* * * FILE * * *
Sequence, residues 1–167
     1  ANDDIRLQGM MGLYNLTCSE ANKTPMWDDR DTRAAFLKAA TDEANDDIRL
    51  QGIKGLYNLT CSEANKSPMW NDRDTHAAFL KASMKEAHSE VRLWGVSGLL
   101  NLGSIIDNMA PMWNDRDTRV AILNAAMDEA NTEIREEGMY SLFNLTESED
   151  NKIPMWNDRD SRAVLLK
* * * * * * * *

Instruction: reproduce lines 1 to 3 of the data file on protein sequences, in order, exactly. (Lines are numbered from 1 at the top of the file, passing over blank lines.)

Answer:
Sequence, residues 1–167
     1  ANDDIRLQGM MGLYNLTCSE ANKTPMWDDR DTRAAFLKAA TDEANDDIRL
    51  QGIKGLYNLT CSEANKSPMW NDRDTHAAFL KASMKEAHSE VRLWGVSGLL